Local vs Localization of Language

22 Jun
2008

I was reading the Buenos Aires Herald today, and in the top right corner was an ad for American Airlines. They had a url advertised: AA.com/espanol

Now – do people in Argentina (and Buenos Aires) speak Spanish? Sure. But like most major languages, it has its own dialect. In Argentina they call it Castellano (speaking of which – the ‘ll’ is pronounced as a ‘j’ here). So while AA took the effort to create a Spanish version, in a way it was half-assed – that isn’t what they call the language locally here. And that isn’t factoring in the even more varied/slang version of Castalleno unique to Buenos Aires itself.

Continuing on in that tradition there are quite a few words in Spanish that make no sense here, or have a completely different meaning. For example, in Spanish you is ‘tu’ but here it is ‘vos’. Another common one is a word that means ‘to pick’ means ‘to have sex with’ here – imagine the confusion that can cause.

This little ad made me think of the actual localization problems local has. For example – as a local from Toronto, we pronounce it as ‘Torono’ – that ‘t’ is obviously slowing us down and we had to remove it. But say we had a sales team from one centralized location – do we lose subconscious points with a potential client because our sales team doesn’t drop the t?

If I’m in Chicago and I ask for pizza – do they assume ‘Chicago-style’ pizza or ‘American pizza’ (which is not like ‘Italian pizza’ … and don’t even get me started on what passes as ‘Argentinean pizza’). I keep hearing how many people think of ‘hoover’ to be the equivalent of ‘vacuum cleaner’, just like ‘kleenex’ is to ’tissue paper’. But in some places – not true (I honestly have never made that connection myself).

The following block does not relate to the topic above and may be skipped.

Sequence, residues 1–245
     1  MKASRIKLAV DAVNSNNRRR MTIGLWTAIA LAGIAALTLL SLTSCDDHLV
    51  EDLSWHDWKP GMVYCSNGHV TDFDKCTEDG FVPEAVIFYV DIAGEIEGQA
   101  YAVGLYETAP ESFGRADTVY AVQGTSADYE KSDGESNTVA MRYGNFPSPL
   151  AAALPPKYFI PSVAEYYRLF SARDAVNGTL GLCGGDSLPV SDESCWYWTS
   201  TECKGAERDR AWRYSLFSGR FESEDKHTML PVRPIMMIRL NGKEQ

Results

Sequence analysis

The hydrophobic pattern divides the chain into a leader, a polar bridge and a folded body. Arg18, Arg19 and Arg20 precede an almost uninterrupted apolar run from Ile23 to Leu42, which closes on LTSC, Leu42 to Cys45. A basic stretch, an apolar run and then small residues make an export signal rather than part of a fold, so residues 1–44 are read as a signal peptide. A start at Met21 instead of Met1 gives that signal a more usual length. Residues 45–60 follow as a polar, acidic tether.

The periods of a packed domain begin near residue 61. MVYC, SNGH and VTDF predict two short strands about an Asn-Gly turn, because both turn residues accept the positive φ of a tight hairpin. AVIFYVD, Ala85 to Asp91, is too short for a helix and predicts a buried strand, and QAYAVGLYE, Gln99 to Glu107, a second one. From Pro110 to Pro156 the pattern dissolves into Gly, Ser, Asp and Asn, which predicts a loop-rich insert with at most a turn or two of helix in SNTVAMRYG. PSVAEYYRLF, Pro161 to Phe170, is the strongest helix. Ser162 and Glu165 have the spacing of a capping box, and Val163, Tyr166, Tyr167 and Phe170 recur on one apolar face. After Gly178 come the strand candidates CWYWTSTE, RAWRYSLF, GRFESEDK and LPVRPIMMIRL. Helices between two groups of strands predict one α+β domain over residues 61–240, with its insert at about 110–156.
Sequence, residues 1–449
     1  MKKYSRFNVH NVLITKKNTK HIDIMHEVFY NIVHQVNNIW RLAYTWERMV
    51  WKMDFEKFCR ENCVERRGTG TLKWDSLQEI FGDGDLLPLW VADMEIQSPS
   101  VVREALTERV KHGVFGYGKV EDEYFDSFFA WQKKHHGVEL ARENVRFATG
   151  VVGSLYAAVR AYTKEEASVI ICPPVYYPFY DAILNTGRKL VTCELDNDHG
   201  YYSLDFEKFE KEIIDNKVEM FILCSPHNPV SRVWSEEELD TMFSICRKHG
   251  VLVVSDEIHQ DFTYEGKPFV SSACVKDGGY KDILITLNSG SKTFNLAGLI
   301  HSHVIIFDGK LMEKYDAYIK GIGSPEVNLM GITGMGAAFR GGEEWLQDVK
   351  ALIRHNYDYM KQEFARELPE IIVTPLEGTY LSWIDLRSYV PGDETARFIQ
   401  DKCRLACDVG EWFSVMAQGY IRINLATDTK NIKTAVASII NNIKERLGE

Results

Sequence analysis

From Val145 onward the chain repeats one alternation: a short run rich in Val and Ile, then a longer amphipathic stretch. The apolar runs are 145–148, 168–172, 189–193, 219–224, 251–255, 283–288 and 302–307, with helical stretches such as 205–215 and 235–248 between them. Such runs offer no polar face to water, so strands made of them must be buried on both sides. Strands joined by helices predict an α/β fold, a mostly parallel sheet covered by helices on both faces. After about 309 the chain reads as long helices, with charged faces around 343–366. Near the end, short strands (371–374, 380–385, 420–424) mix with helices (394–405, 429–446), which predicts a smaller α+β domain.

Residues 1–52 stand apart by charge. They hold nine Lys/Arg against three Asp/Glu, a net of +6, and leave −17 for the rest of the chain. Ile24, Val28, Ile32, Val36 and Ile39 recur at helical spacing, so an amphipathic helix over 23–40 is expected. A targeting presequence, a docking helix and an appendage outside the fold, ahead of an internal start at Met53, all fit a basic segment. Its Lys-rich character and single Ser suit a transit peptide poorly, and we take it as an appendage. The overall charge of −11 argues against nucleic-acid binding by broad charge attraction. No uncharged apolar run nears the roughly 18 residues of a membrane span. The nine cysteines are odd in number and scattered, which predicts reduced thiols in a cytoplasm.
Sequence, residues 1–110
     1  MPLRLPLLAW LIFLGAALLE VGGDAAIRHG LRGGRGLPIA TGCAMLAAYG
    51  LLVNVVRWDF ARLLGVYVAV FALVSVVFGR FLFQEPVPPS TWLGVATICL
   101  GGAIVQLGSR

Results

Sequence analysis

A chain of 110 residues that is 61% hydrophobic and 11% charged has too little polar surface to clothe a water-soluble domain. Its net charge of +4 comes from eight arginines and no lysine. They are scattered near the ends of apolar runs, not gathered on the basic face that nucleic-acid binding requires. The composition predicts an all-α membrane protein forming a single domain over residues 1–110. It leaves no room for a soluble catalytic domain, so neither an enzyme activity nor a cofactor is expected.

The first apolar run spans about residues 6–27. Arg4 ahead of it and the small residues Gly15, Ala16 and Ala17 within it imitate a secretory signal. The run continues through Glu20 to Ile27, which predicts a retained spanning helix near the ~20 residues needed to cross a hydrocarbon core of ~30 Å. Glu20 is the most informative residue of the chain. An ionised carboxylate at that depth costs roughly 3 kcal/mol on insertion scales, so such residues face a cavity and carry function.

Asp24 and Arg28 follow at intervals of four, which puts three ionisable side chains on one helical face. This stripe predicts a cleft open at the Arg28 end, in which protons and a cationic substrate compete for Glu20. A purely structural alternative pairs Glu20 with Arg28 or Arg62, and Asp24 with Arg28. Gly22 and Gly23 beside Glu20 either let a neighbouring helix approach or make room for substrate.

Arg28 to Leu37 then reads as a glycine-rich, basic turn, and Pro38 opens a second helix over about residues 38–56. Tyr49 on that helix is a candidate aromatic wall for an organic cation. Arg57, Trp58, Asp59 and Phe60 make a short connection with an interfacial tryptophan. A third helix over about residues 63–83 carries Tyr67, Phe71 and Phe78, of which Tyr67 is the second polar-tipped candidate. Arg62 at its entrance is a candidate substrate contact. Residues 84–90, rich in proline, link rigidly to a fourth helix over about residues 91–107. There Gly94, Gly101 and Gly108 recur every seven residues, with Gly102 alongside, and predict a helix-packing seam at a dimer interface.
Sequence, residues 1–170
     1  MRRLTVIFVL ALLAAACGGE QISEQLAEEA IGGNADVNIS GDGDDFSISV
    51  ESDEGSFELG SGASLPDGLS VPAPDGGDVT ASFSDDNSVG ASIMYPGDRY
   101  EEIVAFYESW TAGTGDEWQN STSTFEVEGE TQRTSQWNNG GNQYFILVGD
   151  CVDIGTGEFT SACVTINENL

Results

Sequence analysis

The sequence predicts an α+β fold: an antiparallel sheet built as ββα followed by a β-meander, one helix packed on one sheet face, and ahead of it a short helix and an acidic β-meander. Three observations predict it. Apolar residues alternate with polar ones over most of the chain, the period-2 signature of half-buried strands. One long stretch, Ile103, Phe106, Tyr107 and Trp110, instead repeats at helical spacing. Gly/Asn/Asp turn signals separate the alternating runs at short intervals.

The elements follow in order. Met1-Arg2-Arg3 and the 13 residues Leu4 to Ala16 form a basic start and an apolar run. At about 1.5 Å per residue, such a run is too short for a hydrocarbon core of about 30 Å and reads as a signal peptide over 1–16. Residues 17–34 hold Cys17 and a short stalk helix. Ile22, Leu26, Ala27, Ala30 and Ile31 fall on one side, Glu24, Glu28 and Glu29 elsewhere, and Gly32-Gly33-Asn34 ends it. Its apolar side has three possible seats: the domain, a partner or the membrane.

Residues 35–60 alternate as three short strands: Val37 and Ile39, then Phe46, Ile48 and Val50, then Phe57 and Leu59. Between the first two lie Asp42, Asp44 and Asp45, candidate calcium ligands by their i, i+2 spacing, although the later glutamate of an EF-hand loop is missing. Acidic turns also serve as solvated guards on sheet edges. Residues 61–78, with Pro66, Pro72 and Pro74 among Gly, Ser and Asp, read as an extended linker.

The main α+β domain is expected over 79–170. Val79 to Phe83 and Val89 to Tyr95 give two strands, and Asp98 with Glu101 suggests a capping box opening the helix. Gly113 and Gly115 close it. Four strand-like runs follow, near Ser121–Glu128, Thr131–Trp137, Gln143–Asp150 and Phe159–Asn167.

This becomes extremely important when building up language taxonomies to build a relationship between a business/category and words used by people to associate with that location.

Just another headache in the local space – localizing user language.

4 Responses to Local vs Localization of Language

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Dave

June 24th, 2008 at 10:50 am

Even in English you can have problems- some areas use “lawyers” while others use “attorneys.” And if you change the category name to “lawyers and attorneys,” you’ll get people scratching their heads asking what’s the difference?

Another issue is when the language “over-differentiates” specialties, or “under-differentiates” them.

For example, let’s say Elbonian has 5 different classifications of lawyers, according to some strange differentiation that is different from English. English business listings for “lawyers” probably will be impossible to differentiate automatically into the 5 different Elbonian classifications, and manually will be a major chore (and still probably impossible without calling each one and asking what type they are).

Going the other direction (Elbonian taxonomy to English taxonomy) is easier- you can easily combine all 5 Elbonian lawyer categories in “lawyers.” But what do you do if you want to use the same data simultaneously on an English site and an Elbonian site??

This is actually an issue that we’ve been running into with our sites and have been (so far) skirting the issue by using English as the defauly taxonomy and forcing the other language to comply with it. But now you’ve got me thinking that we need to do a better job and utilize separate taxonomies.

Sigh. Thanks, Ahmed- you just created several hours of new work for me… :P

(Just kidding! Although I may complain about the extra work, I think the resulting preduct will be better for it. But I still get to complain! :) )

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Ahmed

June 24th, 2008 at 12:18 pm

Yep some common ones here – lawyer vs attorney (or in England, barrister or solicitor). And then doctor vs physician too – a biggie.

Translating (especially among taxonomies) sure is a headache :)

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Joe Davison

June 24th, 2008 at 7:11 pm

Ahmed what do you think about standardizing a taxonomy that everyone in the industry can use.

Think W3C — who will define the standard taxonomy for the global local space?

I think standards are important for proper interoperability of API’s, etc.

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Ahmed

June 24th, 2008 at 11:00 pm

Don’t ever see it happening. Mostly because there are a few classifications (ala SIC) and also because none of the players are really online focused – its just direct marketing/business analytics forced online.

Of course we intend to change that :)

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